World Record Grizzly Bear - Analysis
In real life, the big grizzly in the first two photographs measured 10' 6" from nose to tail and weighed an estimated 1,000 to 1,200 pounds - unusually large for the vicinity in which it was found, says the USDA Forest Service, but not quite a world record, nor even a record for Alaska. It was killed on October 14, 2001 by U.S. Air Force Airman Theodore Winnen on Hinchinbrook Island, Prince William Sound. The photos were taken by his hunting partner, Staff Sgt. James Urban. Both were stationed at Eielson Air Force Base near Fairbanks at the time.
Though the bear was within 10 yards of the hunters' position and moving towards them when he fired the first shot, Winnen says, it did not charge them, contrary to what the email claims. "I don't know if the wind was in our favor or what," he told the Anchorage Daily News. "We were dressed in camouflage. He might not have seen us." Winnen's weapon was a 338-caliber Winchester Magnum, not a 7mm semi-automatic as alleged. The first bullet pierced the bear's brain but left it standing; five more in the chest brought it down.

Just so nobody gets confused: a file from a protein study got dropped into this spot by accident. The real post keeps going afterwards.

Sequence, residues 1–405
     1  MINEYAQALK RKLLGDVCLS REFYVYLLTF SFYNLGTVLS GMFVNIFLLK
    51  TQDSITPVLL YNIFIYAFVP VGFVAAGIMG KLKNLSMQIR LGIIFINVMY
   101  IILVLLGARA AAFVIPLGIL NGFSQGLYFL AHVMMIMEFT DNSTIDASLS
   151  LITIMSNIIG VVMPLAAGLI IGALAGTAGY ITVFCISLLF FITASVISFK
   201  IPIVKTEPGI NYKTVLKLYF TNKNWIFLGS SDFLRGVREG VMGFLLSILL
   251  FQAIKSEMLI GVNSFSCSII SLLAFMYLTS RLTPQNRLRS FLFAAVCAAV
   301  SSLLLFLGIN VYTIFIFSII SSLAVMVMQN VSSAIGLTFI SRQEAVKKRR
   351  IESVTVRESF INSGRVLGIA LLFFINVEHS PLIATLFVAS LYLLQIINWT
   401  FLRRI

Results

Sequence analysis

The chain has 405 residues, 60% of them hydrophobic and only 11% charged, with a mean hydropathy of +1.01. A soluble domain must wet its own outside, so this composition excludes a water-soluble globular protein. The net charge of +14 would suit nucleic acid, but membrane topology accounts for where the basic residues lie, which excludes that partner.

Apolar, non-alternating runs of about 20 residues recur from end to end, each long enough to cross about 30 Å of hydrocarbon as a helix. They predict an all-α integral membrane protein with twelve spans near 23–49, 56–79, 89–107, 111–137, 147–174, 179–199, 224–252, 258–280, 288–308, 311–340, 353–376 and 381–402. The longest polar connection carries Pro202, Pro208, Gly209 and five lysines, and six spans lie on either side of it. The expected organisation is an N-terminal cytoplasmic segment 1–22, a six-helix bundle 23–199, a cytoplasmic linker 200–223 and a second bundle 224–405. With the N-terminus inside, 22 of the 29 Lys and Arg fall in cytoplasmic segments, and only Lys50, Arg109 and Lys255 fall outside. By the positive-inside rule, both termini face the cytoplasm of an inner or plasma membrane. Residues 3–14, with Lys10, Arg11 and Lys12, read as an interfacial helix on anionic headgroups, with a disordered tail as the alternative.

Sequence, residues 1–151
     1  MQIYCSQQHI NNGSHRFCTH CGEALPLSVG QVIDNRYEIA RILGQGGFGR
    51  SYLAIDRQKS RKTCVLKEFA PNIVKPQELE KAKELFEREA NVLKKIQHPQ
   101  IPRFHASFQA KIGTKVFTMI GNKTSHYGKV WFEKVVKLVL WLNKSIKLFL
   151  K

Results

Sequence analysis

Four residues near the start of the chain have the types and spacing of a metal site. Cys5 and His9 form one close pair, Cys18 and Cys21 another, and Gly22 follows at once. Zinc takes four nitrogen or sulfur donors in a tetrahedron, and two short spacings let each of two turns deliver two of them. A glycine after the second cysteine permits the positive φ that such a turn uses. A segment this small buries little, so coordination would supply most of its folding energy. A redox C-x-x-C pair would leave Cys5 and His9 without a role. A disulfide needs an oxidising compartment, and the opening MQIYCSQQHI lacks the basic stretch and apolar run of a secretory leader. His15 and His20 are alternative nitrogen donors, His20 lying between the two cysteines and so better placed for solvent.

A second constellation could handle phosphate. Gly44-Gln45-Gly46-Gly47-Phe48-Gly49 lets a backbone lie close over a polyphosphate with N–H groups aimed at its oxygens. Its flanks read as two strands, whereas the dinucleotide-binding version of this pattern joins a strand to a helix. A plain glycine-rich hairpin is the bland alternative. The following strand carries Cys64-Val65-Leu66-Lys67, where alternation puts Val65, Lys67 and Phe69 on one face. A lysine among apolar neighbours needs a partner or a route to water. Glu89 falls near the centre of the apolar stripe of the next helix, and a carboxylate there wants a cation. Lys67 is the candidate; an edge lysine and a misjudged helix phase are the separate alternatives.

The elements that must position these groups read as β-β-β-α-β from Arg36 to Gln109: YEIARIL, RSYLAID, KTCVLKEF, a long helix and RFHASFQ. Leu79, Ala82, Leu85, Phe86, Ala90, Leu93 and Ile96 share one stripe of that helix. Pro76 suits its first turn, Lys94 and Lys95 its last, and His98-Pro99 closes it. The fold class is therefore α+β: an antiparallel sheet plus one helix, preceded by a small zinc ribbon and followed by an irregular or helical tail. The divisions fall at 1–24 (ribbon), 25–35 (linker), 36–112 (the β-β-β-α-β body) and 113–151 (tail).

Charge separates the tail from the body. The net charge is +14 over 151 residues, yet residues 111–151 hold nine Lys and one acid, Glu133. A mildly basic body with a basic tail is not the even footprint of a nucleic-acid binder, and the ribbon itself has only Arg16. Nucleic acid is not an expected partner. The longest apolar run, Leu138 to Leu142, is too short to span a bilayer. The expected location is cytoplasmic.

No man-eater, says Forest Service
Was the bear a man-eater, as claimed in the email? No, says the Forest Service, there is no evidence of that. When asked by the Anchorage Daily News to comment on the horrific final image of what appears to be a partially-eaten human victim, Forest Service spokesman Ray Massey admitted he hadn't even looked at it. "I didn't want to see a photo of the body," he said. "I know it's bogus."
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Sources and further reading:
Monster Brown Bear Urban Legend Debunked
USDA Forest Service news advisory, 17 Oct 2002
The Truth About Alaska's Monster Bear
Anchorage Daily News, 7 May 2003
Giant Bear Grows on the Internet
Anchorage Daily News
Anchorage Daily News, 16 Dec 2001
Last updated: 05/07/03